Aquaponics System - The Background & Use
An Aquaponics system is the use of aquaculture and hydroponics to create an ecosystem. It is a symbiotic system in which fish waste provides nutrients for the plants while, at the same time, water from the fish tank cleanses the water for use by these plants.
Aquaponics is a simple yet very effective method of re-purposing the nutrients from the fish waste that would otherwise be disposed of in wastewater. This recycling of nutrients saves most of the money spent on water, chemicals and fish feed.
When systems like these work together, they create mutual benefits and help one another to grow to optimize output and production. There are many items that you need to purchase when getting into aquaponics. The fish and the plants are the most important of all.
You end up saving the environment, helping fish populations and reducing the cost of fish feed with the best aquaponics system.
Types of Aquaponics Systems
The easiest to set up, media beds are filled with porous rocks such as clay pellets to grow plants in an indoor garden. Also known as Flood and Drain, it is perfect for beginners in aquaponics systems on a small budget.
Nutrient Film Technique (NFT)
A hydroponic technique adapted well for aquaponic farming. More useful in commercial settings, it is a promising method to produce food in urban settings low on space availability. Again a cost-effective aqua gardening method.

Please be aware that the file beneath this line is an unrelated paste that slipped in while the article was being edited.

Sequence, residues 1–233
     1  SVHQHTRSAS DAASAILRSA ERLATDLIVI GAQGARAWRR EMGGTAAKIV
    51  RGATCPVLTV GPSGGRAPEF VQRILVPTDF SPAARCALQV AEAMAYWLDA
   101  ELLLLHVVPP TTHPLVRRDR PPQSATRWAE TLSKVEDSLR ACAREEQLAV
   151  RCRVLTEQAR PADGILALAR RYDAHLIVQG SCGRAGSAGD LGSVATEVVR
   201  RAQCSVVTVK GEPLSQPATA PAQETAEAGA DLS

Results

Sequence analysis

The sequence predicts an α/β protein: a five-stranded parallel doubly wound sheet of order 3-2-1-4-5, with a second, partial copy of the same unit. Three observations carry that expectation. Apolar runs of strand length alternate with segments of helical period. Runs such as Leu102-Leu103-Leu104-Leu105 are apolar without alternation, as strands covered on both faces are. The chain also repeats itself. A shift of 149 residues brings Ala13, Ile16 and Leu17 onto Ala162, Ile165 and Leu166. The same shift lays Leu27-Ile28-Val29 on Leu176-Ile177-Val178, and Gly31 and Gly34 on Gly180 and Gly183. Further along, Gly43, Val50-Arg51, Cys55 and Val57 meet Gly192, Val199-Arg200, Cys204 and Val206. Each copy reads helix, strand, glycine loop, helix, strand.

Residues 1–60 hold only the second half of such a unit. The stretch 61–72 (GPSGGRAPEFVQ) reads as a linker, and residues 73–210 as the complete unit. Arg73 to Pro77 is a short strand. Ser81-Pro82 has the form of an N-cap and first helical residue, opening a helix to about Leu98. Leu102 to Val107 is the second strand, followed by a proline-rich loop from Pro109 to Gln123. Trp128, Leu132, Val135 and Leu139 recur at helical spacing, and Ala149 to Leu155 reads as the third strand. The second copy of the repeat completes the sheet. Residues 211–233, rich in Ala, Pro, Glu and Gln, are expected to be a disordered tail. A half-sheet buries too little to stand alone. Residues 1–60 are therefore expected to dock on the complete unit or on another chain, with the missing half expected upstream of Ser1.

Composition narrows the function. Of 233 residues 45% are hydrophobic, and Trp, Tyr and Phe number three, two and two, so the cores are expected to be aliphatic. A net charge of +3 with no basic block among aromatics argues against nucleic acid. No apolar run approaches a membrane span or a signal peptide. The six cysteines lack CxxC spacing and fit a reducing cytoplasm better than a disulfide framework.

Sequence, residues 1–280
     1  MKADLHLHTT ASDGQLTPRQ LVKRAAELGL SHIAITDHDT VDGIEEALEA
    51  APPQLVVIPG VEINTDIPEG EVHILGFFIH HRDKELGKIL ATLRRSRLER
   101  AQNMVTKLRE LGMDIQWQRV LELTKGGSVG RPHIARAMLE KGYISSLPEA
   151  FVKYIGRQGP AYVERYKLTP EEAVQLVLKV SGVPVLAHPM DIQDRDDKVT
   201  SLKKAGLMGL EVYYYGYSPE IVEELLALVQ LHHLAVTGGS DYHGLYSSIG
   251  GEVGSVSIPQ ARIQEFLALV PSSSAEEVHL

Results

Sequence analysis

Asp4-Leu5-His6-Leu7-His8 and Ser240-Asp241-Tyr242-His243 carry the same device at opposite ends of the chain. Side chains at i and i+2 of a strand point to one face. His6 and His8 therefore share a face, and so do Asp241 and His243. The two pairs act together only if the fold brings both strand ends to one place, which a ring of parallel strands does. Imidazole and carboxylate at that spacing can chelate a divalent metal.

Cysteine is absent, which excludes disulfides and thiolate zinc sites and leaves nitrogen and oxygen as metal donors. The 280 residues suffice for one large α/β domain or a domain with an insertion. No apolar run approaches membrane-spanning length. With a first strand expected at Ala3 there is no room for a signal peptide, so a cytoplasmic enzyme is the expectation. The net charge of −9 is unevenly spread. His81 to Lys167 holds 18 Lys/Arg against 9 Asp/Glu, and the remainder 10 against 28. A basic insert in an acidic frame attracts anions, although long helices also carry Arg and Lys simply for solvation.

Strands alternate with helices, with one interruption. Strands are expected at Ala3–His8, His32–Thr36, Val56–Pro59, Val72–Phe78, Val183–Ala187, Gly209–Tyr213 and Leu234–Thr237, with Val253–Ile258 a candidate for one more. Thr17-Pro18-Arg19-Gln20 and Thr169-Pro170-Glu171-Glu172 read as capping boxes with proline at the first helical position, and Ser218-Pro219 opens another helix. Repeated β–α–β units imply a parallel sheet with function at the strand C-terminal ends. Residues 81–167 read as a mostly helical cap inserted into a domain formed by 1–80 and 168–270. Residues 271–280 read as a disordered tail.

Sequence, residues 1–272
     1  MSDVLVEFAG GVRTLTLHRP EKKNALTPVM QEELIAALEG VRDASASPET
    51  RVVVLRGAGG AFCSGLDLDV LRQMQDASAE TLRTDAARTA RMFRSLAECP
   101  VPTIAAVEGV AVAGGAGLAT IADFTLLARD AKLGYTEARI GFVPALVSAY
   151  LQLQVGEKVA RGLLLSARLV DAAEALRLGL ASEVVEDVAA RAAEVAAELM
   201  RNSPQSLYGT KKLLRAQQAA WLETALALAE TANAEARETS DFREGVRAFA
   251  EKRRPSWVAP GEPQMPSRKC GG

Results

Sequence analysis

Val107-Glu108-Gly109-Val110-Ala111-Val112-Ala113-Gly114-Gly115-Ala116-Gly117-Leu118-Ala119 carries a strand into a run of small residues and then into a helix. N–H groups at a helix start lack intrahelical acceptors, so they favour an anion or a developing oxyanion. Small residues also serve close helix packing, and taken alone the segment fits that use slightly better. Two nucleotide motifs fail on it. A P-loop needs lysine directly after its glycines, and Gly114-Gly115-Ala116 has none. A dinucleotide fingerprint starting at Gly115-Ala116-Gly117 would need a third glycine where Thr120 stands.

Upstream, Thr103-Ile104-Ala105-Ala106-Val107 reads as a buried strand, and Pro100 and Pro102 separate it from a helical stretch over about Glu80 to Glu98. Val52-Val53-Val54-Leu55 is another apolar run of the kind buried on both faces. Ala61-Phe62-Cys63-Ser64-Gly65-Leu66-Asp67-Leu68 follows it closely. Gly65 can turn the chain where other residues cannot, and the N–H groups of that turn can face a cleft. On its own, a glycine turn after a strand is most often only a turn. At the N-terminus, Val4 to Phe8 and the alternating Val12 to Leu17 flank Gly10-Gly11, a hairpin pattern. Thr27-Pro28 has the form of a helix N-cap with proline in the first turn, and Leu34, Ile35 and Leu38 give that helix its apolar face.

Deep Water Culture (DWC)
Also called as Raft System, DWC is one of the most efficient of all the aquaponics systems. It can provide a larger yield, making it more apt for commercial production without using any kind of media.
What type of aquaponics system are you eyeing? Is it a greenhouse or rooftop?
Greenhouse: Suitable for larger aquaponics systems, it allows the sunlight to penetrate through, and this heat is then captured and used even after the sunsets. It also protects the system from harsh weather, rain, theft, and animals.
Rooftop aquaponics: These kinds of aquaponics are even-levelled, stable, and have access to sunlight. But one must consider the weight to see if the roof can support the system sufficiently. You may like to consult an architect or a civil engineer.
How to Choose an Aquaponics System?
To make an apt choice, know the following characteristics associated with each aquaponics system.
|Type||Set Up Cost||Media||Plants||Plant Growth Rate||Maintenance||Skill|
Expensive initial cost
Almost all plants
Beginners and students
Plants with shallow roots
Coconut or clay media in net pots
Factors In Choosing Your Hydroponics System
Consider several factors before you go for an aquaponics system.
- The Objective – Do you want to grow plants in an aquaponics system for experimentation? Or are you looking to grow food for your family? Knowing answers to these decide the kind of aquaponics system you end up building.